John Adams to John Quincy Adams
Quincy August 24. 1794
My dear Son
In its due time, I received your Letter from Philadelphia of the 27. of July.
Although, in the Opinion of The Secretary of State, the Mission to Holland may be “almost exclusively reduced to a pecuniary Negotiation,” yet, in the Opinion of others among whom your father is one, the Post at the Hague is an important Diplomatick Station, which may afford many opportunities of acquiring political Information and of penetrating the Designs of many Cabinets in Europe.
The Observations and Reflections contained in your Letter are all very Sensible, and I wish you to remember and preserve them: but, in Case you should return to your Country whether in three Years or Seven or more or less, I wish you to preserve your Resolution inflexible to return to the Bar. Be patient. Submit to the Mortifications you justly foresee Open your Office and be always found in it, except when you are attending the Courts of Justice. from none of these Should you be absent, a moment.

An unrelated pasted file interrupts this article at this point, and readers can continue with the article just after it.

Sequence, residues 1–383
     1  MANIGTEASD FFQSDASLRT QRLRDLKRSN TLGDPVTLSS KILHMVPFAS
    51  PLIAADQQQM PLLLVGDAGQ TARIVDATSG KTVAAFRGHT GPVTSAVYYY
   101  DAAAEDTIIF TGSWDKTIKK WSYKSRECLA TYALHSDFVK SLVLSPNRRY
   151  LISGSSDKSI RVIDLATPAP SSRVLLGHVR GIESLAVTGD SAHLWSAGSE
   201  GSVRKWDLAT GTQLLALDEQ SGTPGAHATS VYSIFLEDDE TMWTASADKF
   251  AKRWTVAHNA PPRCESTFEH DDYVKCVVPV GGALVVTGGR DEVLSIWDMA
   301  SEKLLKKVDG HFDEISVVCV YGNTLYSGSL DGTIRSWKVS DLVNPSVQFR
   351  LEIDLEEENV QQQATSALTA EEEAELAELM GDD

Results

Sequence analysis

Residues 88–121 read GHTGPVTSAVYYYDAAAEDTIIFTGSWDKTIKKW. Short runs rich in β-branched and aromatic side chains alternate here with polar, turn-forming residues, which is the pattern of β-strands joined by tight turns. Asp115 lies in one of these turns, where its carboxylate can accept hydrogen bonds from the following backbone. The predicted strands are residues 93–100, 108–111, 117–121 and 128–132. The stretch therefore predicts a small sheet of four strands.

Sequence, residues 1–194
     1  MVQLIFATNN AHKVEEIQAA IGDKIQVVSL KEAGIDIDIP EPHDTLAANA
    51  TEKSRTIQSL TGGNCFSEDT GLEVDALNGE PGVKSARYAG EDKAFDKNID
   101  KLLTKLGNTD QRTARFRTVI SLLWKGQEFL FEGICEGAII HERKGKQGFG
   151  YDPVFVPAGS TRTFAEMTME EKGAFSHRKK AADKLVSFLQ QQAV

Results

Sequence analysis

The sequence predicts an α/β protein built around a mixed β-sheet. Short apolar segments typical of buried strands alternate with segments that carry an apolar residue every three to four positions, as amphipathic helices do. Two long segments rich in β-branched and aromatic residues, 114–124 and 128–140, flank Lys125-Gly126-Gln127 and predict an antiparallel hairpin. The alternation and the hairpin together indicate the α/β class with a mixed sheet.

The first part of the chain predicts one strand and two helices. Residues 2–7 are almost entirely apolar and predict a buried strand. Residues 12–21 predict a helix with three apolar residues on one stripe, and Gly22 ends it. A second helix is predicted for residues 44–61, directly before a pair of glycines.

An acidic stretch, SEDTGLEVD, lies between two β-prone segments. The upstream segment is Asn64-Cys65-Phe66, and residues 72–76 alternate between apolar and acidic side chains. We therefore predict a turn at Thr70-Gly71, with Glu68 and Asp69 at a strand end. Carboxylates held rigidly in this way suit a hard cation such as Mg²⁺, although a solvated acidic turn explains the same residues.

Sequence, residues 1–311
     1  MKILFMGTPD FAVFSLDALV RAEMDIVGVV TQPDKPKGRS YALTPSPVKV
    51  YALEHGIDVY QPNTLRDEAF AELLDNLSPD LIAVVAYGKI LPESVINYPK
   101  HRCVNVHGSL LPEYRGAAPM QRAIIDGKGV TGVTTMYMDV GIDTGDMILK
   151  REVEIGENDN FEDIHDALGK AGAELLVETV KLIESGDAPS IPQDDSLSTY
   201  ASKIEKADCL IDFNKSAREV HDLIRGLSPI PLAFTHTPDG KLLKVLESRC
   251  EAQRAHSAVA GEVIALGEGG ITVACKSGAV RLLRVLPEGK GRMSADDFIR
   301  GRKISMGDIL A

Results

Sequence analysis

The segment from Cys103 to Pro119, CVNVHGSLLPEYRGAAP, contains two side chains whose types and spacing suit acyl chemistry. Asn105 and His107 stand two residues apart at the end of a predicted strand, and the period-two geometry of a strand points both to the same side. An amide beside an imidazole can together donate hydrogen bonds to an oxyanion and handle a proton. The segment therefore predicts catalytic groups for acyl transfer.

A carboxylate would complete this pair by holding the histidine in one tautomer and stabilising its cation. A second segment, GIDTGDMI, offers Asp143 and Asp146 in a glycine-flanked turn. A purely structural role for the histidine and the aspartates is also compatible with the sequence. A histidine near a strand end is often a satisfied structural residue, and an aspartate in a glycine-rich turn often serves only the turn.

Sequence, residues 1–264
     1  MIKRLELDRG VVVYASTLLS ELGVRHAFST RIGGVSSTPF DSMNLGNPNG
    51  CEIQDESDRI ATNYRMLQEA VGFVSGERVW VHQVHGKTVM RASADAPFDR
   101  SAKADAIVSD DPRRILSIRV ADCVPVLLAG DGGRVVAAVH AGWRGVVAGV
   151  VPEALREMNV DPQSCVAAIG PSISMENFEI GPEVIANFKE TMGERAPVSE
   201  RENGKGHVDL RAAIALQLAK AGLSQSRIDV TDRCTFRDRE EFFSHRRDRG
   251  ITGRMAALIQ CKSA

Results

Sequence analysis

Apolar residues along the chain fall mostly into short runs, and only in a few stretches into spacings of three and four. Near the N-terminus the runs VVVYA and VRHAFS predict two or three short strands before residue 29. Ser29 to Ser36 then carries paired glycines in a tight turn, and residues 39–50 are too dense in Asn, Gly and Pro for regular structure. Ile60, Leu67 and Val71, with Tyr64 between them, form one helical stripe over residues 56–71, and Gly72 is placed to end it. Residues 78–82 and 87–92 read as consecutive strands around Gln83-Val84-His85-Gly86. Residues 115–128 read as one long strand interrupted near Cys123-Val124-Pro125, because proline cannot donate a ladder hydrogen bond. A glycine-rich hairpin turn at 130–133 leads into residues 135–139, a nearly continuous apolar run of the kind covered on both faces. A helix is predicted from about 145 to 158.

In three or four years you will probably be promoted to the Rank of a Min. Plenipotentiary: possibly in less time, if you discover to The President Talents and Principles Suitable for So high a Trust.
As every Thing is uncertain and Scænes are constantly changing I would not advise you to fix any unalterable Resolutions except in favour of Virtue and integrity and an unchangeable Love to your Country. Your own good Sense will be Sufficient to guide you from time to time.
Endeavour to obtain Correspondences with able Men in the southern & middle States as well as in the northern ones, and these will inform you & advise you.
If my Life should be Spared I hope to be one of them and will give you my best Opinions and Advice as Circumstances occur. I wish you a pleasant Voyage and much honour Satisfaction and Success in your Mission—
I am with constant Affection / your Friend and Father
RC (Adams Papers); internal address: “John Quincy Adams Minister / of U.S. to the Hague.” Tr (Adams Papers).